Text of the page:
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Re: Super Cookies in Privacy Browsing mode

From: David Singer <singer@apple.com>
Date: Thu, 08 Jan 2015 16:23:39 -0800
Cc: Christine Runnegar <runnegar@isoc.org>, "public-privacy (W3C mailing list)" <public-privacy@w3.org>, "Nottingham, Mark" <mnotting@akamai.com>
Message-id: <2DA4D72F-084B-4660-93AA-77058AF93BEB@apple.com>
To: chaals@yandex-team.ru

> On Jan 8, 2015, at 16:16 , chaals@yandex-team.ru wrote:
> 
> 09.01.2015, 01:52, "Christine Runnegar" <runnegar@isoc.org>:
>> Hi David,
>> 
>> Regarding your query about private browsing modes -
>> 
>> Copying from the summary of the PING meeting in November …
>> 
>> “ … => TAG and private browsing mode
> 
> http://w3ctag.github.io/private-mode/ is the editors' draft.

Thanks

but this draft, and what I described, are almost completely different.  We may need different names.

This draft attempts to achieve privacy by limiting information flow, while not explicitly saying to the servers what it is trying to do.

My suggestion is almost precisely the opposite: ask the server politely to do something for the user, that actually barely impacts its business.


> 
> cheers
> 
>> Mark Nottingham gave an overview of the TAG’s work on browsers “private browsing mode”. The work looks at the mode for three use cases: other users, network attacker, the website itself. The aim is to provide “best class” protection in private browsing mode while not lowering privacy standards outside privacy browsing mode.
>> 
>> The work can be followed on the tag email list [2]. Mark hopes to have a draft ready by the January TAG face-to-face meeting."
>> 
>> [2] www-tag@w3.org"
>> 
>> Christine
>> 
>> On 8 Jan 2015, at 11:39 pm, David Singer <singer@apple.com> wrote:
>>>  I think we might need a consensus definition of what private browsing mode is, and how it affects servers.  We had some offline conversation about it at the workshop.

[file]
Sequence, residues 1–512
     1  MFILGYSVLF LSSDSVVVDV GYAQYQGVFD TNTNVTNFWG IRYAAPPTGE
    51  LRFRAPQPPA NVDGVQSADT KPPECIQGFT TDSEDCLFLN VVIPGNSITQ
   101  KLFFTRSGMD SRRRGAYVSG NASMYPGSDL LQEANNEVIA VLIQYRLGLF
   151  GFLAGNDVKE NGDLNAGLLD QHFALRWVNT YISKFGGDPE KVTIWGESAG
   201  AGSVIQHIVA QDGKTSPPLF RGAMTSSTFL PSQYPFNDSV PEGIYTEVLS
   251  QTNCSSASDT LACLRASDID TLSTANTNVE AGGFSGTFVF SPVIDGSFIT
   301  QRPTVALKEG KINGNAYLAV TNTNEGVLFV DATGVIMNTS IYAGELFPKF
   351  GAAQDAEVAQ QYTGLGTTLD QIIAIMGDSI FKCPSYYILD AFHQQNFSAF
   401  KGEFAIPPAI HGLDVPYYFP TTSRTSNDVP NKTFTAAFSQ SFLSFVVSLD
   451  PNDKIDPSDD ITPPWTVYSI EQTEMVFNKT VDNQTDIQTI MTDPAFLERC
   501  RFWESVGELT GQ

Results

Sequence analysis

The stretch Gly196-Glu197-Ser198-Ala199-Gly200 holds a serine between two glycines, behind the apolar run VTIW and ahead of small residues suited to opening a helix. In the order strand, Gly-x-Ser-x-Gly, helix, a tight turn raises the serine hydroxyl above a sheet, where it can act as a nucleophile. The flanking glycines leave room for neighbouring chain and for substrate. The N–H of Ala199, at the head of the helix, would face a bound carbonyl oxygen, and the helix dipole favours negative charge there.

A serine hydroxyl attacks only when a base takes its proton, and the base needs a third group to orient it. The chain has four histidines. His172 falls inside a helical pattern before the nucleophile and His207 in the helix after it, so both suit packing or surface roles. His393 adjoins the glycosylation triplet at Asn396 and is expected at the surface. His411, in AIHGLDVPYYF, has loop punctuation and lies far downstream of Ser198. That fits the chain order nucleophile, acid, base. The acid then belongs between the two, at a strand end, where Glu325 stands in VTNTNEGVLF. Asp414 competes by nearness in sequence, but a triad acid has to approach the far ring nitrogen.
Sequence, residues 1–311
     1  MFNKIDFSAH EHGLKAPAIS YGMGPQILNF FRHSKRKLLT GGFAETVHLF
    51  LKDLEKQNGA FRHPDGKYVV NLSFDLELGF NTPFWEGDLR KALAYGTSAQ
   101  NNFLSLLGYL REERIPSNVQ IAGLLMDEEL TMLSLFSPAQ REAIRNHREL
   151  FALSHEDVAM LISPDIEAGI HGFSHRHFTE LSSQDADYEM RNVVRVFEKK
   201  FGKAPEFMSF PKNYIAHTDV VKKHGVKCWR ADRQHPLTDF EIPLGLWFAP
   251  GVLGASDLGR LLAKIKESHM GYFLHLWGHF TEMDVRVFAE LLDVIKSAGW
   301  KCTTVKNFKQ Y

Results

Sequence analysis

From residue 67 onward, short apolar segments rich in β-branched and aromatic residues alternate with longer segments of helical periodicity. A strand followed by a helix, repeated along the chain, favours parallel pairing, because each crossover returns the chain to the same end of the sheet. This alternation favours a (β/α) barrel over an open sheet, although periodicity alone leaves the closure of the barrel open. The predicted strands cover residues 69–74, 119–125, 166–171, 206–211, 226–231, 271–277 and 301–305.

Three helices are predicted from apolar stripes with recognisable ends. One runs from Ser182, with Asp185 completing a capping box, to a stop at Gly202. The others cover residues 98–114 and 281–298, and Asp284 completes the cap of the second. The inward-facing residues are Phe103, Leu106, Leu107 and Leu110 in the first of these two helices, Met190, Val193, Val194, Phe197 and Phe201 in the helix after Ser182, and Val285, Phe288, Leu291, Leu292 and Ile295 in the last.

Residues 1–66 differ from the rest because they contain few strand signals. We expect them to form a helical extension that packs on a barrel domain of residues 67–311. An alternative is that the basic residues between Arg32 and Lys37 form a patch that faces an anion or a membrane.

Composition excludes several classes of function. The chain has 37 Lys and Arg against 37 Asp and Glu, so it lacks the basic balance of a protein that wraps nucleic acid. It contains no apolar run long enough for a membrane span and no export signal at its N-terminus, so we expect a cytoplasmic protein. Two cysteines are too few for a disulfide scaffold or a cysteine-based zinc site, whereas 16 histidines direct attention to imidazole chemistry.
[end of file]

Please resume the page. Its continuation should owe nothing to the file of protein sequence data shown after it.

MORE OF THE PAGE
>>> 
>>>  For example, for some people ‘private browsing’ starts a sandbox that is initialized from the regular browsing context (cookies and all), but that is discarded at the end of the private browsing session.  There’s no need for supercookies to correlate the regular browsing into private browsing, as the cookies are there.  Correlating the other way will simply raise the ire of users if you are not careful, as it would persist state and hence ‘leak’ from the private session back into the general one.
>>> 
>>>  I have some ideas around codifying ‘private browsing mode’ and how to communicate ‘heh, I am trying to be private here!’ to servers.  Is this a topic of interest to others?
>>>>  On Jan 8, 2015, at 12:13 , Rigo Wenning <rigo@w3.org> wrote:
>>>> 
>>>>  Happy New Year!
>>>> 
>>>>  Interesting article about how HTTP Strict Transport Security can be used to
>>>>  circumvent the protections in the private browsing mode. But it seems to be
>>>>  fixed in firefox >34. I don't know about the other browsers.
>>>> 
>>>>  --Rigo
>>>  David Singer
>>>  Manager, Software Standards, Apple Inc.
> 
> --
> Charles McCathie Nevile - web standards - CTO Office, Yandex
> chaals@yandex-team.ru - - - Find more at http://yandex.com

David Singer
Manager, Software Standards, Apple Inc.
Received on Friday, 9 January 2015 00:24:13 UTC

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